Volume 16, Number 2
Craniopharyngiomas let neurosurgeons get too well acquainted with their patients. Though slow growing, the tumors finger into tissue near the hypothalamus and the skull's sella turcica, the bony niche that houses the pituitary gland. That makes clean removal difficult. As tumors spread, second or third surgeries aren't uncommon.
The new intra-op MRI's massive
magnets glide into place at the
flip of a switch.
But at Hopkins a new MRI-a compact, operating-room version of the imaging device-is shifting craniopharyngioma outcomes, and that of other tumors such as low-grade gliomas, to patients' favor. The device essentially delineates what needs removing. "Our intraoperative MRI's been in use less than half a year," says neurosurgeon Alessandro Olivi, M.D., "but we already see tumor removal is far more thorough."
Daughters Zarah and Celeste
speed Steve Brooks' recovery
after brain-tumor surgery.
Take the story of Steve Brooks, 42, a recent patient of Olivi's. Three years ago, the husband and father had become leaden with fatigue. Endocrinologists at his local medical center said he had low thyroid hormone. "I did," Brooks says, "but nothing seemed to correct it."
Scans at a nearby hospital suggested a pituitary tumor, and Brooks underwent surgery via the transsphenoidal approach: through the nose, sinus roof and floor of the skull to the sella. The fact that the tumor turned out to be a craniopharyngioma wasn't troubling. He still felt fine afterward.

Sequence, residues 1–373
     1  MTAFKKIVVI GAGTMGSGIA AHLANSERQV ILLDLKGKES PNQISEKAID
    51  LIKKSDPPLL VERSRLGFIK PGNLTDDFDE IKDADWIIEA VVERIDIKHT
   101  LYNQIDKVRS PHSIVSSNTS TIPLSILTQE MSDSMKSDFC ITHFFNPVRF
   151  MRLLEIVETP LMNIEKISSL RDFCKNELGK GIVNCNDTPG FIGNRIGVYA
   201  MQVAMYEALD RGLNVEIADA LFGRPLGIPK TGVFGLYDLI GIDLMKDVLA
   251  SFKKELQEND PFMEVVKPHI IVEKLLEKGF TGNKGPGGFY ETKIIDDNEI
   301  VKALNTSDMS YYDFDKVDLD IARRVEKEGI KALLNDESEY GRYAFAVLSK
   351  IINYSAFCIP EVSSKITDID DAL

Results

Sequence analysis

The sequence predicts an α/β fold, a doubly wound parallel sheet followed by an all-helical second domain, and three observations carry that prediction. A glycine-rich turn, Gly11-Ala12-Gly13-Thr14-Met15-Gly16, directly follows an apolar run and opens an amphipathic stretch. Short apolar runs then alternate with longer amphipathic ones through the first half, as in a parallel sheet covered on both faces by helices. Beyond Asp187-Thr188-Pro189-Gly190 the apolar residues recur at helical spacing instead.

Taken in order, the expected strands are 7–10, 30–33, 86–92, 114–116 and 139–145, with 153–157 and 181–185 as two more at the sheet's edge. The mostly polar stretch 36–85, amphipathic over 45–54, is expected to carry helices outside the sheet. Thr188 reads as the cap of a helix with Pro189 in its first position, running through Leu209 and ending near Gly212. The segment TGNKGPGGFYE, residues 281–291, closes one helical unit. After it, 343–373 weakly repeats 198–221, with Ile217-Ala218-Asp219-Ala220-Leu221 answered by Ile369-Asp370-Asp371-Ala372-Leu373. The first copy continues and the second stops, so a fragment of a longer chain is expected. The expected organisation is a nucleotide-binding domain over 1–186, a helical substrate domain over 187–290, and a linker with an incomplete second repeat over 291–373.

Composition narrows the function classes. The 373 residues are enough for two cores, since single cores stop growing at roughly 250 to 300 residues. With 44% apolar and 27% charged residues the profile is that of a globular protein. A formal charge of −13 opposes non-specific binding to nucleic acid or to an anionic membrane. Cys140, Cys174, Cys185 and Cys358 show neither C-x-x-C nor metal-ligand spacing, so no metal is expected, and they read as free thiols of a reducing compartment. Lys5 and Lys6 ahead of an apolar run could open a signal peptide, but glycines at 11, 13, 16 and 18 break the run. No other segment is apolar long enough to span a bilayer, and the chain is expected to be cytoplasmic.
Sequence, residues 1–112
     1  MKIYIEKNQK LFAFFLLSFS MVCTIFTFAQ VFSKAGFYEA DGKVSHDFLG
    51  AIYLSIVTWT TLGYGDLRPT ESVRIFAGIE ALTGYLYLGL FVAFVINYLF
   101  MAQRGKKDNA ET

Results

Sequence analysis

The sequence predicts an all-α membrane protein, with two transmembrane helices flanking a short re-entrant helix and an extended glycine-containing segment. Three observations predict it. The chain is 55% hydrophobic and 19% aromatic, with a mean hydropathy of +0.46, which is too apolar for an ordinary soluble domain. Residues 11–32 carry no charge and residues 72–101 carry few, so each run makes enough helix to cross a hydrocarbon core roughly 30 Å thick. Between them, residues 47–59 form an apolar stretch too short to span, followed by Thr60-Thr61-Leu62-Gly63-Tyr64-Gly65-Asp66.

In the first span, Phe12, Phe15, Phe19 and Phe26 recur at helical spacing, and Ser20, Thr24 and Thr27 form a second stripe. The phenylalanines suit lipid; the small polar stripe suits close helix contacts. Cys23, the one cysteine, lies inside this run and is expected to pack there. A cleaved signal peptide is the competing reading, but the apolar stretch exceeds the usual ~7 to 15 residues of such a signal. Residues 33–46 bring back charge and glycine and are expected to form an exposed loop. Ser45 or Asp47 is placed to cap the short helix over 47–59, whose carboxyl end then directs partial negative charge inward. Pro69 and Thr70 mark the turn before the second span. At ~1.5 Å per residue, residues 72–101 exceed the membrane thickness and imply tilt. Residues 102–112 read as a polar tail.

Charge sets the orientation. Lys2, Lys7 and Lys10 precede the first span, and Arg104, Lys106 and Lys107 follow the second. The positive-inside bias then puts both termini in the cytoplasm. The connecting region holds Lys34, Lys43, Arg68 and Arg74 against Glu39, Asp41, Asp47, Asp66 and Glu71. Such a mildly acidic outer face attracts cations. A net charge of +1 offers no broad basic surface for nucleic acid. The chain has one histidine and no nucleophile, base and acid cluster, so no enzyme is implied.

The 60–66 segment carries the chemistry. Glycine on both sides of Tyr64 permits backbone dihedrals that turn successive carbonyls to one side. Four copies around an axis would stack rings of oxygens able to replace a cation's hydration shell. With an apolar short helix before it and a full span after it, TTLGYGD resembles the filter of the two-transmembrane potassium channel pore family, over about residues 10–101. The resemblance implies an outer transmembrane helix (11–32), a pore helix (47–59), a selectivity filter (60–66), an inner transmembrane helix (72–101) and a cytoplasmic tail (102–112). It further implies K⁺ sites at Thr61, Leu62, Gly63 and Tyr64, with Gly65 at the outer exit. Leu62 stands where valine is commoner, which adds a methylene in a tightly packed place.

But within months, Brooks had problems driving. "I'd head down the road and the painted lines would cross." Also, his peripheral vision was suspect. It was clear that the regrowing tumor threatened his sight. When Brooks came to Hopkins, Olivi scheduled immediate surgery-a right fronto-temporal craniotomy-to save the man's vision. A second transsphenoidal surgery would've provided total access, Olivi explains, but was risky so soon after Brooks' earlier operation. "My goal was to relieve the pressure on the optic nerves," says Olivi, though he knew some tumor would remain out of reach.
This April, with Brooks' vision fine and his previous surgeries healed, Olivi went back for the rest. But this time he had the intra-op MRI at hand. In a newly refitted and shielded OR, the machine's magnet snapped into place hydraulically from beneath the operating table, cradling Brooks' head for a pre-op scan.
"Seeing what the MRI enhanced let me evaluate the margins of the tumor and possible residual tissue," says Olivi. "Before closing, we again raised the magnet and scanned the surgical site. It was clean. And follow-up MRI with the higher-resolution hospital scanner the next day confirmed it." As for Brooks, who's back at work, the photo above says it all.
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